Berg believes he owes part of B&B’s success to its atmosphere. The first B&B’s building didn’t scream out as a steakhouse. Brick walls, exposed wooden beams, and steel support columns stood in place of the traditional steakhouse leather and dark wood.
Benjamin will also bring a distinctive atmosphere that surprises at first glance, but it’s a world away from B&B. It’s all about openness, airiness. Think Eleven Madison Park in New York.
Whereas the original B&B measures in at 7,500 square feet, Benjamin will have that much room in its mezzanine alone. The downstairs boasts 10,000 square feet of space, bringing the total to nearly 18,000.
The space at The Star “has that real presence to it,” Berg believes — from its exterior arches, to its tall windows and high ceilings. “It will be very airy,” he says.
The tables got a little close at B&B. Benjamin brings “a more elegant dining experience in a really approachable manner,” Berg says.
“The potential of it is amazing.”
Imagine a dining room that can seat 180 to 200, a bar that can seat 60, and private dining rooms with capacity for more than 400 diners. Berg is looking at the big picture, and room for private events was a real draw.
“For everything Houston has, there’s a gap here in private event space,” he says. For parties of 200 and up, the options are limited to hotels and country clubs. “You don’t have the options,” Berg says.
“One of the big drivers with the space was the ability to do great restaurant-quality events” in a historic, iconic building. Berg hopes to host everything from weddings to charity balls to business functions.
Benjamin will have two kitchens, one downstairs and one upstairs. The mezzanine kitchen will be reserved for private parties. The private kitchen will prepare a more extensive menu than people normally expect for catering.
“I really want the private event to not lock people in,” Berg says. “I want to be able to give a lot of choices.”
Benjamin is just one of the many moving pieces in Berg’s expanding restaurant world right now. He opened a second B&B in Fort Worth. But that wasn’t a case of space sparking concept. It kind of just came together.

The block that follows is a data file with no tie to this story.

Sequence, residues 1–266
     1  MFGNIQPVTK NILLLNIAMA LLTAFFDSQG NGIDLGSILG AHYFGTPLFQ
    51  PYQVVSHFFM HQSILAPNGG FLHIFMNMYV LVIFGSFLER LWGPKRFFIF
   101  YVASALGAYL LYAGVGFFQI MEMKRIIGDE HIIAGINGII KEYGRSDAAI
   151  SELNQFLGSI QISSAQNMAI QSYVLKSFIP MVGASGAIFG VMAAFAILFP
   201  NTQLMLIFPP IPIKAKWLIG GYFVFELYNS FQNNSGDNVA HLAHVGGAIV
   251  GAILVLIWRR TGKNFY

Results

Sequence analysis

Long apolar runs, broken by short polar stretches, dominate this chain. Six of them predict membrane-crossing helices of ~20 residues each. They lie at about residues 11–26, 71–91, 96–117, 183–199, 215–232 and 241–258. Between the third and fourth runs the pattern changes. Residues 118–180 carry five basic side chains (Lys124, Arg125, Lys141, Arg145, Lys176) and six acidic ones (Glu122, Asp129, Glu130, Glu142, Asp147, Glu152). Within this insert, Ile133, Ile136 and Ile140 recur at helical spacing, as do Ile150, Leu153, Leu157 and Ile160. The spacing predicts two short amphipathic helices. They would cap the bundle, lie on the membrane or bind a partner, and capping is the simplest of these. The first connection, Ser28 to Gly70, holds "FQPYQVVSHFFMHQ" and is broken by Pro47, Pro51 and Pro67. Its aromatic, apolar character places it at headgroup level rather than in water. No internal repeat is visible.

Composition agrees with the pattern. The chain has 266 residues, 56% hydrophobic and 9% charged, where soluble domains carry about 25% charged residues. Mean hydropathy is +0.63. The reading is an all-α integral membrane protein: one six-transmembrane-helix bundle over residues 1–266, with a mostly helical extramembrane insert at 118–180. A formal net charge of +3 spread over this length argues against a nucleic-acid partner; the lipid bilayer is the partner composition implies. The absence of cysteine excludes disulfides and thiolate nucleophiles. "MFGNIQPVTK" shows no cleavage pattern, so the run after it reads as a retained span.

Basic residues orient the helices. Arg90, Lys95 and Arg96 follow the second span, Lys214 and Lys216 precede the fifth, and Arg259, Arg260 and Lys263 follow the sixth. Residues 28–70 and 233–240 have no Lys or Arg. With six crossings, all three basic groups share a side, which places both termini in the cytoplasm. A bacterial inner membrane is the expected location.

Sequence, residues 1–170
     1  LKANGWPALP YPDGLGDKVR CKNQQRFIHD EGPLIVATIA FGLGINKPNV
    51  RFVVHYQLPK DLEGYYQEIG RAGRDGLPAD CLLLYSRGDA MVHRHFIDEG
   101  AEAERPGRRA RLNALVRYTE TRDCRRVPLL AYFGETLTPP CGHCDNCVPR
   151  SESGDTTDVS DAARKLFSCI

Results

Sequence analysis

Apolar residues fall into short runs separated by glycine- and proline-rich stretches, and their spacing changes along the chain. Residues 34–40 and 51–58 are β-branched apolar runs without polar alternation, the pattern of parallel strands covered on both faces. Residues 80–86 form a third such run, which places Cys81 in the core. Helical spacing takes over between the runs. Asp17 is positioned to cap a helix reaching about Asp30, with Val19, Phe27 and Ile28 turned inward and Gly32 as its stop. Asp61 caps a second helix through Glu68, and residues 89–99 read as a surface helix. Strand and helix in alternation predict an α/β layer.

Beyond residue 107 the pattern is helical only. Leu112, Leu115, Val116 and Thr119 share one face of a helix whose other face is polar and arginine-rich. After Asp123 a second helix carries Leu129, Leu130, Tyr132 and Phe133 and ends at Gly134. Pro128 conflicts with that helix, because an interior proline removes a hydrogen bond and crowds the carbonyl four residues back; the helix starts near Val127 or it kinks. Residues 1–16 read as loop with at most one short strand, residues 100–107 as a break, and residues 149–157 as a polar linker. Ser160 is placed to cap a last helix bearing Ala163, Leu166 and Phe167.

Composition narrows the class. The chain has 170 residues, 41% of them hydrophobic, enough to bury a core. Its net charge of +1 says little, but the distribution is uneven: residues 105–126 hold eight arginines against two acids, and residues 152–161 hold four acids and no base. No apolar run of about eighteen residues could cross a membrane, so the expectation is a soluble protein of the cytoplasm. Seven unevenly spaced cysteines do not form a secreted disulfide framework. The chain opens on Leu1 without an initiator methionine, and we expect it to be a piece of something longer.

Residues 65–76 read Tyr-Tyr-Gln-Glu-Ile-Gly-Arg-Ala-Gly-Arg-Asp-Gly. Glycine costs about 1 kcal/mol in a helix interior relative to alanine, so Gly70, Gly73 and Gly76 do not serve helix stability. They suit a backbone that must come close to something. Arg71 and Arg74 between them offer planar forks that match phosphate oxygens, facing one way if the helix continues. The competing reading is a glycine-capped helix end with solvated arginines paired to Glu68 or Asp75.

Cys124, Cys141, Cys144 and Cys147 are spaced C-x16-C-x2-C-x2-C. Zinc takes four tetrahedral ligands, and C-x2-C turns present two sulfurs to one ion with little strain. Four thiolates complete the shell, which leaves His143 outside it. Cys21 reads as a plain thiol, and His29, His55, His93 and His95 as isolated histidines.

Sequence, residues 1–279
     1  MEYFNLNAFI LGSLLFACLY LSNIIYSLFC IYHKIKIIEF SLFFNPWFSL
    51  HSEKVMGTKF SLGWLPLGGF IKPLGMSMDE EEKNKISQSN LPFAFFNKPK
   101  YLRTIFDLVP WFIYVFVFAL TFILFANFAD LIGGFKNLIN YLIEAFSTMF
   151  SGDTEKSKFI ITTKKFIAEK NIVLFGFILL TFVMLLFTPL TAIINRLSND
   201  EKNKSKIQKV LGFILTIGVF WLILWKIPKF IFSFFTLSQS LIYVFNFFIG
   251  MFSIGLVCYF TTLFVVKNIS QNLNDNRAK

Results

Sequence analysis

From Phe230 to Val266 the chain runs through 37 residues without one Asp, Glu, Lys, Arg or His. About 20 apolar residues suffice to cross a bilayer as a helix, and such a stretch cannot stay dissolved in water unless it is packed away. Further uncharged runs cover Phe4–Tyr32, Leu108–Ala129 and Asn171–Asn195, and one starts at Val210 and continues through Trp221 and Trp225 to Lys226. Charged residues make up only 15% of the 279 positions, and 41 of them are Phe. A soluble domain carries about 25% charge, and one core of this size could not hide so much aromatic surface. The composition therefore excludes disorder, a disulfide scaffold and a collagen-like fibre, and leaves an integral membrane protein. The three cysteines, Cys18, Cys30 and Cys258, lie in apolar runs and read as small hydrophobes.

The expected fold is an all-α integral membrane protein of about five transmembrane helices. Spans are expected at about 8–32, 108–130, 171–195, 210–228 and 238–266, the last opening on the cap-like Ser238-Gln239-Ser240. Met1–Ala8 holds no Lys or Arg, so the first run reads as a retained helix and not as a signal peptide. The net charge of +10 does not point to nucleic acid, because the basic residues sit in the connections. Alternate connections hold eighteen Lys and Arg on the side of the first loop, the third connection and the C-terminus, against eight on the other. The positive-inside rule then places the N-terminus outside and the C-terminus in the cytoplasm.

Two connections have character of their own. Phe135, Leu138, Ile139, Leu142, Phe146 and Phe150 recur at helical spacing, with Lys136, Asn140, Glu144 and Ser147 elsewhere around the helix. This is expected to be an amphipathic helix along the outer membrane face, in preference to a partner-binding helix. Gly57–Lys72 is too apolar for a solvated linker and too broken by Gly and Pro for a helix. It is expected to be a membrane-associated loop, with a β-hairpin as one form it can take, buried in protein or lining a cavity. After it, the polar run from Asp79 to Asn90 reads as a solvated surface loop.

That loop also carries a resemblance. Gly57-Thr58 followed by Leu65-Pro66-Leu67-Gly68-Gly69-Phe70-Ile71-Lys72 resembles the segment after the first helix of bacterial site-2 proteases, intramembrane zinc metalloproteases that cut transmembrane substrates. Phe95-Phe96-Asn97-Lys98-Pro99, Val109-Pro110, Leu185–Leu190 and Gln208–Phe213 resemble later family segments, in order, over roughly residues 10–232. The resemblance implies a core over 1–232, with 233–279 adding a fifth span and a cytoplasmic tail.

“It was nothing I was looking to do,” Berg says. “Basically, they came to me and it was more I believed in the project they were doing in Fort Worth and the ownership of the land. I just thought it would be a really nice fit.”
Another new Berg acquisition Carmelo’s happened the same kind of way — unexpected, right place, right time. Berg acquired the Italian spot in late December. He stepped in and saved the restaurant from closing.
“It all happened very last minute,” Berg says. Houston Restaurant Weeks founder Cleverley Stone initially approached him. She shared that Carmelo Mauro was planning to retire, and asked if Benjamin had any interest.
“I said, ‘Yeah, I’ll talk to him,’ ” Berg says. The two met in the first week of December. Benjamin Berg was taken with “the possibilities and potential.”
They spoke about numbers about a week later. A few days before Christmas, it was finalized. It just clicked: Berg loves Italian food, he lives in the area. Berg and his brother Daniel will work together to more than double the size of the existing menu at Carmelo’s, but “we’re going to keep all the popular Carmelo’s dishes.”
There will be a lot more pastas and a little more Roman style while respecting the dishes that people have gotten accustomed to and enjoy. A new bar is on the way, with construction happening in stages so that Carmelo’s can stay open.
Not for nothing, Berg appreciates the Carmelo’s space. “The space has great bones and an amazing kitchen,” he says.
Benjamin Berg is certainly carving out his own space on the Texas restaurant scene, one ambitious project after another.